Why is There More Free Shipping?

In a world where ecommerce is continually increasing, shipping companies are finding themselves in peak demand. To stand out and survive in this competitive online market, both retailers and shippers not only have to deliver quicker, but cheaper…so cheap that it’s free.

A whole range of surveys and studies, including the ‘Walker Sands Future of Retail 2016’ study, have found that one of the primary reasons for basket abandonment is extra cost in delivery, and people are compelled to shop online if there is more free shipping available. As a result, for ecommerce, offering this feature seems like a no brainer, but how are online retailers supposed to cover this extra cost? 

Many advertise a minimum spend in order to qualify for free shipping, such as ASOS, or persuade you sign up to a particular paid scheme, such as Amazon Prime. The result is that while the shipping may actually appear free to the consumer, the retailer has often minimised the cost of the shipping fee and neither shipping company nor retailer will necessarily see a decline in profit margin or feel pressured to lower their prices. 

Smaller retailers, however, do not necessarily have this luxury, and this, (not the consumer or the shipping company), is where the financial pressure of free shipping is felt. For businesses of smaller sizes, free shipping is unsustainable. Even Amazon recovers only about 55% of the amount it spends on shipping, but it has the income to allow for this: a smaller business does not.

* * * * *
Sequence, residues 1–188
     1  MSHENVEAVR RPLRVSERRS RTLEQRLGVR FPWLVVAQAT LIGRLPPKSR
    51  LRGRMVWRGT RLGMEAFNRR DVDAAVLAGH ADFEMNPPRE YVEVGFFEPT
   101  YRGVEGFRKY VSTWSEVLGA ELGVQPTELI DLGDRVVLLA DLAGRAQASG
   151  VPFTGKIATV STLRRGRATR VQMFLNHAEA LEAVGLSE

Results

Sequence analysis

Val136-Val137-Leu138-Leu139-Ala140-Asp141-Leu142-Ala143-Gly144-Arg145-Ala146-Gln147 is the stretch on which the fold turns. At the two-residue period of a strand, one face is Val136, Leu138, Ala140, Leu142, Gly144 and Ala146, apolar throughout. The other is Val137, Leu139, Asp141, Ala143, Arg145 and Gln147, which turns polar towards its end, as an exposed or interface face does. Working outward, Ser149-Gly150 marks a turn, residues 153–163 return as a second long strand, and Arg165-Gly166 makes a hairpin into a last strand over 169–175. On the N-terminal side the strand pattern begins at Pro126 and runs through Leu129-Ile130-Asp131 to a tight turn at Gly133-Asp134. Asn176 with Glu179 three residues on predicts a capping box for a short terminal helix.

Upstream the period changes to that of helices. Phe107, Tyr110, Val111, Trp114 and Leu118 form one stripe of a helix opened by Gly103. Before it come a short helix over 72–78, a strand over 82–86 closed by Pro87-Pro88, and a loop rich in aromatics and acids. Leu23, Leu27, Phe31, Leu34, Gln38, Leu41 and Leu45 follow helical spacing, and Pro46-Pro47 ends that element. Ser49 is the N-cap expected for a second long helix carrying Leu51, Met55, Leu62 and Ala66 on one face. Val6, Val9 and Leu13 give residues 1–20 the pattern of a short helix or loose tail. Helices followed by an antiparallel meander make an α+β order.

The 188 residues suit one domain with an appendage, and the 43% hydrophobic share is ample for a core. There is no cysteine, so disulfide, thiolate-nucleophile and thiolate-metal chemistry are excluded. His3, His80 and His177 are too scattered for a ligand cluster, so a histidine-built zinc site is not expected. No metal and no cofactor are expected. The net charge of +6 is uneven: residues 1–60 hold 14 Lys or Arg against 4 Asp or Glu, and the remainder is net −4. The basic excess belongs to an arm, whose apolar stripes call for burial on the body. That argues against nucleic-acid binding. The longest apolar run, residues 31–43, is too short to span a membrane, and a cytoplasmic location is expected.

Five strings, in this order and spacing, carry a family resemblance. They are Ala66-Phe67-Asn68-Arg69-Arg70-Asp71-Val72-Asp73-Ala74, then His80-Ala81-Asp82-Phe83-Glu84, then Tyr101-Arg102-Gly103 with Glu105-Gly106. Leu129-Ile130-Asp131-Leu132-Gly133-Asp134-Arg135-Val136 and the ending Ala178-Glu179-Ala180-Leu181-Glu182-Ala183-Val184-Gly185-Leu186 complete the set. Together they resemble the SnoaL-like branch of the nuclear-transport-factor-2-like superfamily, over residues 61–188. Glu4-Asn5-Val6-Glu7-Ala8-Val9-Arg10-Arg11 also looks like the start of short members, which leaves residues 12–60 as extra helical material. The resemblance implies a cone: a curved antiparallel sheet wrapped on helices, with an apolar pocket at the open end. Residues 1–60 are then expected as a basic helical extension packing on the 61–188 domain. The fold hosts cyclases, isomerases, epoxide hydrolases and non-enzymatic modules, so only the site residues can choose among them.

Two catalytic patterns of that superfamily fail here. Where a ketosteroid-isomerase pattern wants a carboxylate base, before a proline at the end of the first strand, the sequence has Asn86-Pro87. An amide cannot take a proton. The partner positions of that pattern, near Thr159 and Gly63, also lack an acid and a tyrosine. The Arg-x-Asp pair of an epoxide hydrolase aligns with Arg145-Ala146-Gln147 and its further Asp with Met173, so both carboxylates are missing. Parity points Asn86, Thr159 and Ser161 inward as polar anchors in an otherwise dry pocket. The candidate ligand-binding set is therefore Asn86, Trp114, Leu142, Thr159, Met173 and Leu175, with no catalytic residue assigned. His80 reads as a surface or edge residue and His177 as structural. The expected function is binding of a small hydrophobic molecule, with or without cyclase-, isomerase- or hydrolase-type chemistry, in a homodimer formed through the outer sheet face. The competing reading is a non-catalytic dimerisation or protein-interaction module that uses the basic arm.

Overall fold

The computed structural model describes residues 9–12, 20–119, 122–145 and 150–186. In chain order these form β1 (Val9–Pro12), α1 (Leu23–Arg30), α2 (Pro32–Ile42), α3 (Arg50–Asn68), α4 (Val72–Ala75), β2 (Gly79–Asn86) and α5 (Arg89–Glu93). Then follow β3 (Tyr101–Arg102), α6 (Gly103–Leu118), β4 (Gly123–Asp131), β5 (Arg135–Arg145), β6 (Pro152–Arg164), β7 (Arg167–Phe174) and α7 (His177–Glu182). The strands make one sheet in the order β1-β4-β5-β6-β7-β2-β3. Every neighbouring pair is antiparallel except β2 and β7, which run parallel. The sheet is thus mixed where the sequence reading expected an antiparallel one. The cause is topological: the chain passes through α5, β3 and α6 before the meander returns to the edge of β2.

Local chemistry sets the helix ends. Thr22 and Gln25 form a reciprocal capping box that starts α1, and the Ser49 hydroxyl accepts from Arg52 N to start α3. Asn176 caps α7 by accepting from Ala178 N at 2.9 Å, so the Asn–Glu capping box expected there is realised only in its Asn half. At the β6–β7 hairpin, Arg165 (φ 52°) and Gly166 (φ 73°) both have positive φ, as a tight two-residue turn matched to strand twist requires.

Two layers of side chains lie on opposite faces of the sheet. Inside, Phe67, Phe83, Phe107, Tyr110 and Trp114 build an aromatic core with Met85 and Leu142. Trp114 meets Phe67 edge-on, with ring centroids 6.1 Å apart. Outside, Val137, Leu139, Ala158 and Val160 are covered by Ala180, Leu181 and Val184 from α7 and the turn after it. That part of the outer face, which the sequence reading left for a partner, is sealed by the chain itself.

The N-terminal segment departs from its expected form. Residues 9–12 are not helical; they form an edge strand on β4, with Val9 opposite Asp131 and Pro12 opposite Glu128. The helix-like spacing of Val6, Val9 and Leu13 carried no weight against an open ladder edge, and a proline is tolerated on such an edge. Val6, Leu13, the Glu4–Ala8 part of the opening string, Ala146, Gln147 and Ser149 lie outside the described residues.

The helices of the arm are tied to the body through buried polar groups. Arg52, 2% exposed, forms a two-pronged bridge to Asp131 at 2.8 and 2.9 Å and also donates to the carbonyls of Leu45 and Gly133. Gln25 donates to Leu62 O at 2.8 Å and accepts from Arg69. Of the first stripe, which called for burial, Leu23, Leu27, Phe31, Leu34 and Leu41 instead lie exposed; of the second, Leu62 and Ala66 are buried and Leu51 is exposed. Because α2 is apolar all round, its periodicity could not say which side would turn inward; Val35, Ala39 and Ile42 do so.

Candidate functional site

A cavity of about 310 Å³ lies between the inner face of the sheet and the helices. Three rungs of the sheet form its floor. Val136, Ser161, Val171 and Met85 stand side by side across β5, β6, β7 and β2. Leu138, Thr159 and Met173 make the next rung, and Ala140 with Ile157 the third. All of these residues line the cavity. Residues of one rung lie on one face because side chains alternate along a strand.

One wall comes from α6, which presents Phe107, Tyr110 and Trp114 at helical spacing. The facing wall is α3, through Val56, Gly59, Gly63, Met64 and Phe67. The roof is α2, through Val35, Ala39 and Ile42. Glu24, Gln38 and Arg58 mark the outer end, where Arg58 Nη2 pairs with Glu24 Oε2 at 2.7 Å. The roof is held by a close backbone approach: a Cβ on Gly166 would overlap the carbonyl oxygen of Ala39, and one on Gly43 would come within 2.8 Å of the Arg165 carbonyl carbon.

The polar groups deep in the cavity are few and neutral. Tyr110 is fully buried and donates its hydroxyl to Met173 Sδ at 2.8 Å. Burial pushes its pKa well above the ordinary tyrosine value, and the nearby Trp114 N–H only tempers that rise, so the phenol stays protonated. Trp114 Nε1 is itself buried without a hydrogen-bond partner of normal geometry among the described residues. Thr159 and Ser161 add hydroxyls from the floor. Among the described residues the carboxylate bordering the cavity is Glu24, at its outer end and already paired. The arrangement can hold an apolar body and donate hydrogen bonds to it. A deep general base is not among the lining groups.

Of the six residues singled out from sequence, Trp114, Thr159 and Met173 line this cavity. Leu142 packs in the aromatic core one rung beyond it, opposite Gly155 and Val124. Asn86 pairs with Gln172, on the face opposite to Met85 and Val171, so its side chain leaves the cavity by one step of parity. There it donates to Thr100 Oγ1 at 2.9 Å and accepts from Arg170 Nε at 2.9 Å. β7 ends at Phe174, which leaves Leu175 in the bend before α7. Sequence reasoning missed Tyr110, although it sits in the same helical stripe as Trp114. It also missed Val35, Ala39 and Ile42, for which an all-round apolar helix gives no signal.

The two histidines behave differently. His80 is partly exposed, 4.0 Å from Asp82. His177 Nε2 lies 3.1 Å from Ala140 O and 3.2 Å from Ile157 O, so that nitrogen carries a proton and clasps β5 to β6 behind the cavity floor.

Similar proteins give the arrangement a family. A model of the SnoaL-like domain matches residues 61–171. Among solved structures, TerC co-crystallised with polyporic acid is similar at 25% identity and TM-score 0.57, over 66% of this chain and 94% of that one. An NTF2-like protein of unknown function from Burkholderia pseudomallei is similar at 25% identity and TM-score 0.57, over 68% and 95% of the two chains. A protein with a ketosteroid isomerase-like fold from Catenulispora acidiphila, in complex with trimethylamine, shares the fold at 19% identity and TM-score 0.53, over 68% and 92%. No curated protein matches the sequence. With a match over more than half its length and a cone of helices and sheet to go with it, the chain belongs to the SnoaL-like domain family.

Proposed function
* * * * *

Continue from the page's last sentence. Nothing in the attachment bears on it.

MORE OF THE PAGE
While this free, cheap and fast shipping puts strains on retailers and their profit margins, shipping companies are also under pressure. To keep their profit margins, retailers are searching for shipping companies that have cheaper shipping costs, and to offer unbeatable delivery times, to accommodate the ‘same day delivery’ phenomenon. 

For international maritime shipping, achieving speed can be tough, but costs can at least be significantly lower than the speedier air shipping. Some large companies, such as Net-a-Porter, have even turned to running their own fleet of vans to minimise costs and enhance efficiency, and if many other large companies do the same, then independent shipping companies could be finding a decrease in business, at least from larger ecommerce retailers. 

Smaller retailers, however, could be a part of the market worth exploring. To be able to offer retailers competitive rates, but on a mass scale could be a fantastic way to make profits. With ecommerce only increasing, and number of startup e-retailers also increasing, this is a sector of the market with huge opportunities.

Someone has to pay the cost of shipping, and if it’s not the consumer then retailers could find themselves losing money on every free shipment. It’s an important trend to attracting consumers, and the shipping industry may now have to adapt in order to exploit the exciting opportunities for business that the free shipping could offer.

Posted in categories: Costs and Expenses, Shipping